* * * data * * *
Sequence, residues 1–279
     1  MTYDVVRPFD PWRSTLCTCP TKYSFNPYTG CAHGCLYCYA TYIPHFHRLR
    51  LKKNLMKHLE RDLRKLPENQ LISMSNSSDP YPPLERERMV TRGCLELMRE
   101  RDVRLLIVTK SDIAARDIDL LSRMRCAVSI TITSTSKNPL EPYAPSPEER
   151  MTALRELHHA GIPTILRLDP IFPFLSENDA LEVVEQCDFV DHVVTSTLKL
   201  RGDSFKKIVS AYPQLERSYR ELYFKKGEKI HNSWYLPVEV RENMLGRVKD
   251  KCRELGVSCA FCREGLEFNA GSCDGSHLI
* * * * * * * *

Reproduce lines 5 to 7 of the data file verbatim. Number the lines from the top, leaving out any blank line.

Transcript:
   151  MTALRELHHA GIPTILRLDP IFPFLSENDA LEVVEQCDFV DHVVTSTLKL
   201  RGDSFKKIVS AYPQLERSYR ELYFKKGEKI HNSWYLPVEV RENMLGRVKD
   251  KCRELGVSCA FCREGLEFNA GSCDGSHLI